Published: May 27th 2012August 21st 2010 Video Playlist:
Hudson during winter
The HUDSON VALLEY has become one of our favorite spots. A funky area with many, many small towns - each unique in its own way. An area where we have spend many a weekend just driving and driving - discovering road after road and town after town. It all started with the HUDSON VALLEY SHAKESPEARE FESTIVAL in Garrison, NY. A more perfect setting for a Shakespeare production (or any other production for that matter) there probably is not. Nestled on the banks of the Hudson river straight across from the West Point Academy sits a little piece of property with orchards, beautiful lawns and a white tent pitched for a Shakespeare play performance like no other. We made the "trek" up to the venue really not knowing what to expect. We got there and found people sitting around on their blankets/chairs with bottles of wine and picnic baskets. Well luckily they had some food/drinks for sale so we helped ourselves and settled down on the grass with views of the Hudson river as far as the eye can see (bring your blanket, picnic basket and wine and don't overdress). It is truly an amazing setting. Just after dark we were all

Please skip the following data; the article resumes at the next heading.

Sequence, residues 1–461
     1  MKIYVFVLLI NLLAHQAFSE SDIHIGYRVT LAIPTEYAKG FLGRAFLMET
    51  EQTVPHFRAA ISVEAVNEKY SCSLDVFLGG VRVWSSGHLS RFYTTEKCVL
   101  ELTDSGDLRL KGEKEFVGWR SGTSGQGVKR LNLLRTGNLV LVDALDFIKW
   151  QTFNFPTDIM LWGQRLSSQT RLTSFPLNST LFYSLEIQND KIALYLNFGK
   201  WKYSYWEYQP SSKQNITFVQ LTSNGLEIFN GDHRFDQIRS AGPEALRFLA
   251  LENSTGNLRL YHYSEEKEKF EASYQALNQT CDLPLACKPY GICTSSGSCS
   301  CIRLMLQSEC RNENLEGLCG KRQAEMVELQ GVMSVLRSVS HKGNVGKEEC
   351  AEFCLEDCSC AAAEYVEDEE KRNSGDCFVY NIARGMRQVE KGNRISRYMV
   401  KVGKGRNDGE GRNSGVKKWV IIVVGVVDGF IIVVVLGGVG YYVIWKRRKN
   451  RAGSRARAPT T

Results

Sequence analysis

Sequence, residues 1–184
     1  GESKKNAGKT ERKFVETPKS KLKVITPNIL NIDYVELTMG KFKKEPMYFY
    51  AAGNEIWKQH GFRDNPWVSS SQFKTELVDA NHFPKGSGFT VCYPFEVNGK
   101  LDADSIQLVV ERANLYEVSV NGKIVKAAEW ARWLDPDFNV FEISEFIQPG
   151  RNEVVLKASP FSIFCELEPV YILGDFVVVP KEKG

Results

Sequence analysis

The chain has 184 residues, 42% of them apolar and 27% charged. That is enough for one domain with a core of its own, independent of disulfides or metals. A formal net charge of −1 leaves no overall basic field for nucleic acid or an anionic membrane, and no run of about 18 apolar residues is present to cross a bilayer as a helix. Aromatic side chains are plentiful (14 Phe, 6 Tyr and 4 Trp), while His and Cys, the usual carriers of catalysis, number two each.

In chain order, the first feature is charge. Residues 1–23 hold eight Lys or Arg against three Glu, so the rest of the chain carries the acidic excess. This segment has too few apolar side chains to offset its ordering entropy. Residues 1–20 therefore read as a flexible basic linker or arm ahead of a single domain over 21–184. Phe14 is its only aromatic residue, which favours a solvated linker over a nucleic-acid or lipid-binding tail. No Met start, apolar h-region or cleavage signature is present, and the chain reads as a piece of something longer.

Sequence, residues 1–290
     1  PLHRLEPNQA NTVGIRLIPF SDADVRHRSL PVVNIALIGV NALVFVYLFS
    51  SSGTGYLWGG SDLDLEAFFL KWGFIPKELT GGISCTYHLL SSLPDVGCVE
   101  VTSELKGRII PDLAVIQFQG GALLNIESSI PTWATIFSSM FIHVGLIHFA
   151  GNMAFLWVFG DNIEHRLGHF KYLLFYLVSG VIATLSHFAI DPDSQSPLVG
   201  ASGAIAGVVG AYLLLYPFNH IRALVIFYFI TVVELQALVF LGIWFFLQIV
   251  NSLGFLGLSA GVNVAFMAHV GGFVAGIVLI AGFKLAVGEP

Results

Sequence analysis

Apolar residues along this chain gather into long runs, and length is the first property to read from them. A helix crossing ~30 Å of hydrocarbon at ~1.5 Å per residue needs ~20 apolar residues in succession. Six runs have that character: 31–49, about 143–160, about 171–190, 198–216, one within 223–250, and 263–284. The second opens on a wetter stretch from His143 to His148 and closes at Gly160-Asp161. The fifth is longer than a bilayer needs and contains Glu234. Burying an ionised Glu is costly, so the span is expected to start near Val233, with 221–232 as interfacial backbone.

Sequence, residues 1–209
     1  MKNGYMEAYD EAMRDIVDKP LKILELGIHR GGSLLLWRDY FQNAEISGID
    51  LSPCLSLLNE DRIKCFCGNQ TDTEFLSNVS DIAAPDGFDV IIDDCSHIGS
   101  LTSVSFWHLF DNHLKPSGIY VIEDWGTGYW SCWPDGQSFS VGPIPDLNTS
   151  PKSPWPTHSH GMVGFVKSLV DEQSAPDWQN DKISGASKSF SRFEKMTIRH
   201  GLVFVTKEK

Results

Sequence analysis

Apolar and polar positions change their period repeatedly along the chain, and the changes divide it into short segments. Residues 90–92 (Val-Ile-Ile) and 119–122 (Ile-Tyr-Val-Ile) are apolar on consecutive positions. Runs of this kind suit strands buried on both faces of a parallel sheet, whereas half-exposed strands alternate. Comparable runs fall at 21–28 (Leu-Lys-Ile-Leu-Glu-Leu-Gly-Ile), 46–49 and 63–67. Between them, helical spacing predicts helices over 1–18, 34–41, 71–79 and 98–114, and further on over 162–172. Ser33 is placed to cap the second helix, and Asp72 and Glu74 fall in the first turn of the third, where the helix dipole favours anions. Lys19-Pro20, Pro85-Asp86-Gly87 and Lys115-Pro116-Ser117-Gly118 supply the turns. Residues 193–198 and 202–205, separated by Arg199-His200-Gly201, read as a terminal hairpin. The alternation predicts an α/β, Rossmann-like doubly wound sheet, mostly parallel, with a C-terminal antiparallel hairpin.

On the banks of the Hudson waiting for the Bard!
herded into this tent with seating. You are only a couple rows from the action - no matter where you sit - but here and there you may have a pole or two in your way if you did not pay for the "upgraded" seating. The play itself was magnificent. Awesome actors, twists and turns you did not expect, and as close to the action as you will ever be at any performance of any sort.
Close by is the world-famous THE CULINARY INSTITUTE OF AMERICA (CIA - no not that one) located in HYDE PARK. One of the prettier campuses you'll find location wise since it is located directly on the Hudson river. If you want to be a chef then this is the creme-de-le-creme to study at (in the U.S. anyway). There are several options for exploring this campus from taking classes, walking the campus or just sitting down for a sumptuous meal at one of their 5 restaurants. We walked the halls, looked at all the celebrity chefs who has either taught here or graduated from here and stole a glance at the students as they prepare the food. All the restaurants are a fun experience
Play starting as the sun goes down